Judge refuses to block merger
A judge refused to block a merger between American Airlines and US Airways on Friday, saying a bankruptcy judge correctly rejected arguments made by a lawyer for some consumers. San Francisco attorney Joseph Alioto argued that the deal would harm fliers because it would result in less competition and higher prices. However, US District Judge Loretta Preska repeatedly said that his arguments relied on outdated facts, had no evidence to support them and sometimes made no sense. American has said it plans to complete the merger with Tempe, Arizona-based US Airways on Monday. Preska said a federal bankruptcy judge was “correct in all respects” in deciding last week to let the merger proceed.
Ex-Goldman trader gets jail
Former Goldman Sachs Group Inc trader Matthew Taylor was sentenced on Friday to serve nine months in prison and pay US$118 million in restitution to his former employer after he pleaded guilty to pursuing an unauthorized US$8.3 billion futures trade in 2007. In imposing a sentence well below the 33-to-41-month term that the US Department of Justice had recommended, US District Judge William Pauley in New York castigated both Goldman and government authorities for failing to immediately address Taylor’s conduct when it occurred. The case is a “paradigm of everything that is wrong with Wall Street and the regulators charged with protecting the public,” Pauley said. Prosecutors claimed Taylor lied to supervisors and fabricated trades in December 2007 to conceal an US$8.3 billion position in Standard & Poor’s 500 E-mini futures contracts, which bet on the direction of that index. Goldman fired him shortly thereafter.
Countrywide settles US$500m
Bank of America Corp’s Countrywide unit won final approval of a US$500 million class-action settlement with investors who claimed they were duped into buying its mortgage-backed securities. US District Judge Mariana Pfaelzer in Los Angeles said the settlement was a fair outcome because her previous rulings prevented the investors from recovering damages from Bank of America as Countrywide’s parent and because the Charlotte, North Carolina-based bank said as recently as June that it might put Countrywide in bankruptcy. The settlement resolves claims that Countrywide misled investors in offering documents about the quality of the home loans that were pooled for the securities.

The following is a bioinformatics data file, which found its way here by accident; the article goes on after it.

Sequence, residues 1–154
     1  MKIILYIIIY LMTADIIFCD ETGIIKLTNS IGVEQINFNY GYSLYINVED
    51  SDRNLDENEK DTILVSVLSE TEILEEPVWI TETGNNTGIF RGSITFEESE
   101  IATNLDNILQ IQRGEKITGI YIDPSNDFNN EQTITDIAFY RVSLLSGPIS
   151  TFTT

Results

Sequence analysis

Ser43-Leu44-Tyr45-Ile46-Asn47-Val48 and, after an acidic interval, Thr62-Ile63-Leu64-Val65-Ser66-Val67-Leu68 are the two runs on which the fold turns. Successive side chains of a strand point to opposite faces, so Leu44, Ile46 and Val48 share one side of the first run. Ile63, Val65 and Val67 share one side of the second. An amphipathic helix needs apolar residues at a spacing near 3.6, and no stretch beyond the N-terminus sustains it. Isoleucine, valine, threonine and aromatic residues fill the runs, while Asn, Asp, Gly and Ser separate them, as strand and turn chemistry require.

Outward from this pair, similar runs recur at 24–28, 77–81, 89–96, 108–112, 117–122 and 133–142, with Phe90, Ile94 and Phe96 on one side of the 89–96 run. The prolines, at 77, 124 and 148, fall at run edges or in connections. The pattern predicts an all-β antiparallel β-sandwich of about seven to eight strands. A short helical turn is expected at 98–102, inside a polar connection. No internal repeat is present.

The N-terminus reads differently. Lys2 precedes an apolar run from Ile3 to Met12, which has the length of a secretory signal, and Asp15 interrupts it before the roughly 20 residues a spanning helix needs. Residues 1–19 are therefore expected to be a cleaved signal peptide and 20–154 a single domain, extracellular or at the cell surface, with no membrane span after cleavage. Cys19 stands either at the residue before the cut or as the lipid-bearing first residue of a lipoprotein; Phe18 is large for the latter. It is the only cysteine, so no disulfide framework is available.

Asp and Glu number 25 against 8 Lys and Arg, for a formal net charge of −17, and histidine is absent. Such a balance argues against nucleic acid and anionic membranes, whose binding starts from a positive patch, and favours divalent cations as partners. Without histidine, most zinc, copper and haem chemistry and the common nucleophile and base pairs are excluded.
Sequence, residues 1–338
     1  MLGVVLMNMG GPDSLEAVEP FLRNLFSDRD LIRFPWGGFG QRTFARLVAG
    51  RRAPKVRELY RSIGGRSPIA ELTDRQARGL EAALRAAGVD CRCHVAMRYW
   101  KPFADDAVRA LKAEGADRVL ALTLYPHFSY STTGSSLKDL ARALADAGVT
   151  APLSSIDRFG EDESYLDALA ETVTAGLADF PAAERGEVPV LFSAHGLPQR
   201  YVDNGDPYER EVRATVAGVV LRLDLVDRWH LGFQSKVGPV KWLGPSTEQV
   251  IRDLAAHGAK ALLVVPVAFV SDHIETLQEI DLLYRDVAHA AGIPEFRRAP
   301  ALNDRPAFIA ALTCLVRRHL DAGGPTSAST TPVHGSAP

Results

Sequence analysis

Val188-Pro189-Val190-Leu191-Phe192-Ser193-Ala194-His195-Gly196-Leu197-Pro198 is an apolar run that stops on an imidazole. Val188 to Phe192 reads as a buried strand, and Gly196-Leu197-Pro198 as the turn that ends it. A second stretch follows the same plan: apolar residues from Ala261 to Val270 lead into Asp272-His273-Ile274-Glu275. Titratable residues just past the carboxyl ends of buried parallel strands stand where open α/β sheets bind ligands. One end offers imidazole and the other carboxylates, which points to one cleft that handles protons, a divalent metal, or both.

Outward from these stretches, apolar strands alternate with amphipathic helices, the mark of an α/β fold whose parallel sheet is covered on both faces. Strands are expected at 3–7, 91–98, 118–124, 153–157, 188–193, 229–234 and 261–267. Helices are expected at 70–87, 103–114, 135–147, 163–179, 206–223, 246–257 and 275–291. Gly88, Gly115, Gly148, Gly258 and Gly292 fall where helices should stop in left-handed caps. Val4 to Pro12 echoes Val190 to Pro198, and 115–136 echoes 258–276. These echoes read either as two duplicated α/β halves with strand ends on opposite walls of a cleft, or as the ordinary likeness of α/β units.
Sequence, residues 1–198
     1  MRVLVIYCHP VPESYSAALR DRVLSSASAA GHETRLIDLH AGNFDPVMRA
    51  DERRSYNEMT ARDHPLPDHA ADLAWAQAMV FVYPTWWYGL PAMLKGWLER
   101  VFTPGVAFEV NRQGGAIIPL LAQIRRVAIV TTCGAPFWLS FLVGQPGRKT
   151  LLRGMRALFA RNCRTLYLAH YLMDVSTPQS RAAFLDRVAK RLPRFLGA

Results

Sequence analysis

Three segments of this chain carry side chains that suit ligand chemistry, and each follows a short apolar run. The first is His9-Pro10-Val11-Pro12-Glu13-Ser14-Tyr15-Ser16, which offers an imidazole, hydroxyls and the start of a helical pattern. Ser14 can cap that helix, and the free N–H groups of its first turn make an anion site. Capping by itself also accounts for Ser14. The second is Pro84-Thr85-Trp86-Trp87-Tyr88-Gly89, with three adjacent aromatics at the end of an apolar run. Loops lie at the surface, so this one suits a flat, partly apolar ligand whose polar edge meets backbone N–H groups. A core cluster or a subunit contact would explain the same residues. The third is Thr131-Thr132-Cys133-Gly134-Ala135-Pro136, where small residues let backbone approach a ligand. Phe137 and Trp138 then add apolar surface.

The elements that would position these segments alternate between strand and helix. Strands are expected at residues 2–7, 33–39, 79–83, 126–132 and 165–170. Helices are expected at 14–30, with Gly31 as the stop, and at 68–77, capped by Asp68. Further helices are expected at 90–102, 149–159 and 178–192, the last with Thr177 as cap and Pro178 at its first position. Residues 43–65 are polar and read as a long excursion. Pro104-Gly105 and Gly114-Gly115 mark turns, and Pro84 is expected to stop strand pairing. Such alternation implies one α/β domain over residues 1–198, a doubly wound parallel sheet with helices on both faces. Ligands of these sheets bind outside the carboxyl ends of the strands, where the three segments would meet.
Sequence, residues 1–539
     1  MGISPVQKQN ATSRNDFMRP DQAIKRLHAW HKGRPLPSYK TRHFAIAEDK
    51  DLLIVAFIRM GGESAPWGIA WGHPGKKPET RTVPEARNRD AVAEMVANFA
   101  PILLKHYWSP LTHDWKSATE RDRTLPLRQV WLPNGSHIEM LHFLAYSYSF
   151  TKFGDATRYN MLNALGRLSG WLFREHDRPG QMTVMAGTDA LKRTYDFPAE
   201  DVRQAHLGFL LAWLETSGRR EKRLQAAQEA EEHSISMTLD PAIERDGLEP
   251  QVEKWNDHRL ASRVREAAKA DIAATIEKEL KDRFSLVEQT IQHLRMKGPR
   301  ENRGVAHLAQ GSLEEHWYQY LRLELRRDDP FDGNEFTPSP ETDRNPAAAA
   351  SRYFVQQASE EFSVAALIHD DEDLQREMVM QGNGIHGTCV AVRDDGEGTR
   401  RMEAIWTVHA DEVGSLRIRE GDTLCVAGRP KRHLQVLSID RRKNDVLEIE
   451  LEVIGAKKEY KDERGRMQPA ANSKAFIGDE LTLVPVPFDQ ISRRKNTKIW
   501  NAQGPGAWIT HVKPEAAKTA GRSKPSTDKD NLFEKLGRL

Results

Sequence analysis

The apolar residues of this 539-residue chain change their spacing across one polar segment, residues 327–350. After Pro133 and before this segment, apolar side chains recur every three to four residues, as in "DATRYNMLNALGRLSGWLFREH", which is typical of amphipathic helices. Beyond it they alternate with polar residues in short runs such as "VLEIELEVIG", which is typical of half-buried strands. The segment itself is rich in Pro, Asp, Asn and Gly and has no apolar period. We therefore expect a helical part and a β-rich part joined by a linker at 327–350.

Drones a ‘fantasy’: EBay
EBay Inc chief executive officer John Donahoe called the delivery of products by drones — a project that rival Amazon.com Inc is working on — a fantasy. “We’re not really focusing on long-term fantasies,” Donahoe said in an interview with Emily Chang on Bloomberg Television when she asked if he would be showing her a drone. “We’re working on things that will change consumers’ experiences on Friday,” he said. Amazon CEO Jeff Bezos said this week that the world’s largest e-commerce company is testing drones to deliver small packages, an initiative that he anticipates will happen within five years. The endeavor was met with resistance from regulators and skepticism from couriers.